By Steve Ramirez
Azusa Pacific University begins play in the NAIA softball championship tournament today in Gulf Shores, Ala.
But the road for the Cougars (32-21), who open up pool play against St. Thomas (31-21) of Daytona Beach, Fla., is quite a bit longer than the 2,046 miles they have traveled to Tobacco Road.
It’s a trip that was four years in the making and dates back to 2008, when coach Carrie Webber was summoned from Northern California. Along the way, there were growing pains of hovering around .500 for three seasons before finally catching fire over the past month to advance to the national tournament for the first time since 2000.
“I don’t think I could be more proud of the girls than of how they have progressed over the last four years,” Webber said. “Those girls who came before have paved the way for what is happening right now. This is where I expected this team to be at about this time.
“I thought it would take three or four years to actually see it progress to the point where we are. It just gives validation to what we are doing.”
The initial building blocks included senior infielders Nicole Llorens (of Western Christian) and Bekah Weisser, who were followed by juniors Erika Marmolejo and Olivia Wilcox and sophomores Brandi Andrews (Glendora), Taryn Devich, Angie Sprague (Charter Oak), Natalie Barnaby and Heather Koch.
All have played critical roles, especially this season.
Marmolejo leads the team with a .309 batting verage, with Wilcox tops in home runs (nine) and RBIs (39). Sprague, who is hitting .290 with 23 stolen bases and 33 runs, gives the Cougars stability at the top of the lineup while Devich (14-8, 2.10 ERA) and fellow sophomore Mariah Worley (11-6, 1.62) are leaders in the circle.
All have helped the Cougars go from 21-26 in 2008 to back-to-back 27-22 campaigns in 2009 and ’10 to becoming the No. 8 team in the country this year and earning a trip to the national tournament.
“I guess it’s been a four-year process,” said Llorens, who is hitting .266 with 21 RBIs. “I think the coaches have built us up, mentally. If you watch us, we have a different attitude on the field than before. We expect greatness from ourselves. I think we’ve grown a lot.
“I don’t think (back in 2008) I would have ever thought we could be this good. The team now is just a totally different group of girls. They are competitors who want to work and do well and they are willing to fight for it.
“That fight was lacking four years ago.”
A big reason is Webber, who played at NCAA Division 2 Chico State and coached at Santa Rosa Junior College before coming to Azusa Pacific. Webber, along with her coaching staff, provides strong mental support but also lets the players’ individual talents blossom.
“She personally has pushed me beyond mental and physical things I didn’t think I could overcome,” said Devich, who has been a clutch performer during the final stretch of the season. “I think just having that support has been great. We wouldn’t be here without her. She’s (Golden State Athletic Conference) Coach of the Year and truly deserves it.
“She throws it back at us and says it’s all because of us. But we wouldn’t be as strong without her.”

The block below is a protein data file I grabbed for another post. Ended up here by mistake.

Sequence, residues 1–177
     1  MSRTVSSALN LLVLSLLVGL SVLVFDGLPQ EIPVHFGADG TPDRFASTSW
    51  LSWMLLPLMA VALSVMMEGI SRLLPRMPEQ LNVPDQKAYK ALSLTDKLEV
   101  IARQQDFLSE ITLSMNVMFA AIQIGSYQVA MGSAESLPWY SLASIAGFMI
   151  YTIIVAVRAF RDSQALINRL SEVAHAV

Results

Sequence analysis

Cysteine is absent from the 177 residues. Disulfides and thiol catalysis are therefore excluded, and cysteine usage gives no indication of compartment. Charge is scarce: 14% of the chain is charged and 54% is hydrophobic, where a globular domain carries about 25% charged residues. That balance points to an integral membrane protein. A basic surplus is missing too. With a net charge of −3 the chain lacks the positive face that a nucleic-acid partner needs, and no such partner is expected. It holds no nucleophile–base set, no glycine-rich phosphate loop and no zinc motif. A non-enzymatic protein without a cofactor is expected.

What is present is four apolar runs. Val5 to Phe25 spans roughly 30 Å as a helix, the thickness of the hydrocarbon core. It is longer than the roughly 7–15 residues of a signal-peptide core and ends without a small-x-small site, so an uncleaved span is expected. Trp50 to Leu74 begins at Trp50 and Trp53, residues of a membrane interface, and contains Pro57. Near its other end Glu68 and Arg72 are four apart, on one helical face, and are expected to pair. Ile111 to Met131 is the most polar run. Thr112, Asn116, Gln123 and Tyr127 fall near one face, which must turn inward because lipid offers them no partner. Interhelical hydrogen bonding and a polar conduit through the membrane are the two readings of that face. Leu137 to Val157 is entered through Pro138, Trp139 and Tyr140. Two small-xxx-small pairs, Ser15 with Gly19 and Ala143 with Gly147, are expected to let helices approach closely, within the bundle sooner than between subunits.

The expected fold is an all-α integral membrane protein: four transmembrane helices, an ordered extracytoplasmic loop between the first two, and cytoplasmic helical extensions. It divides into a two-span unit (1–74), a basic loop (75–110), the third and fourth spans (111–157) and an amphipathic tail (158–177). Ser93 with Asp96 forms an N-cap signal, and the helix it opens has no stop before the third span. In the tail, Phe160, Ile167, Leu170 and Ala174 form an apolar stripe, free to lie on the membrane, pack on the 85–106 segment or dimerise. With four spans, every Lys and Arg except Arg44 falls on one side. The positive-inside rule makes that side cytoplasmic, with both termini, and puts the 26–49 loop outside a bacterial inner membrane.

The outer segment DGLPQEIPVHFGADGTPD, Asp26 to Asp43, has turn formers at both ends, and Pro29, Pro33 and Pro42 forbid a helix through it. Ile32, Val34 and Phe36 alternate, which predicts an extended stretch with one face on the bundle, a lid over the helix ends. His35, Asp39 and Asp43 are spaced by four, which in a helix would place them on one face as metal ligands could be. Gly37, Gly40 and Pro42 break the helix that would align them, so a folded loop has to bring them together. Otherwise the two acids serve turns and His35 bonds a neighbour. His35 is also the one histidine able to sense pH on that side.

The Cougars, who began the season ranked No. 22 in NAIA, didn’t break from the gate quickly. They hovered around .500 during the first half of the season and were not ranked in the NAIA top 25 as late as March 29.
Then a light went on.
“It’s been crazy, the transformation this team has made,” Devich said. “I think we just hit such a low, playing-wise, that it sparked something in us. We knew we had the talent and the capabilities, and we worked hard.
“I think we got sick of playing down beneath our level and it started with beating Cal Baptist. It started from there and we just took off. That’s what we needed to prove to ourselves that we can beat anyone in (the GSAC), anyone in the country. We just decided to turn things around and work more together as a team versus individuals.”
The Cougars, just 19-15 after being swept by Concordia on April 2, rallied to win 11 of 14 games to close the regular season, including victories over No. 1 Cal Baptist (2-1) on April 9; No. 8 Concordia (6-5 and 2-1) on April 16 and No. 5 Cal State San Marcos (3-2) on April 26.
The success continued in the GSAC Tournament, with APU winning two of three from Concordia before being swept by Cal Baptist in the tournament championship series. It lost the second game 4-3 in 10 innings.
The difference, said Wilcox, who came up big late in the season, is that commitment to the team.
“It’s not so much that I want to do this for myself, but more like I’m going to do this for the team,” she said. “I think that’s what was different in me, and the team.”
The concentration now is on the NAIA Tournament, which begins today. The Cougars continue pool play Friday against Mobile (Ala.) and Saturday against Oklahoma City (Okla.).
The tournament then shifts to double-elimination on Monday, with eight pool winners advancing.
“We’ve faced really good competition at the end of the season and have performed well and risen to the occasion,” Webber said. “So going into nationals, I’ve told the girls, `We’re eighth in the nation. There are seven (teams) who are technically better than us. But we’ve seen the ones that are better than us and we’ve beaten them.’
“I think it’s ours to win and ours to lose. I think the girls are ready and prepared and will make a great showing.”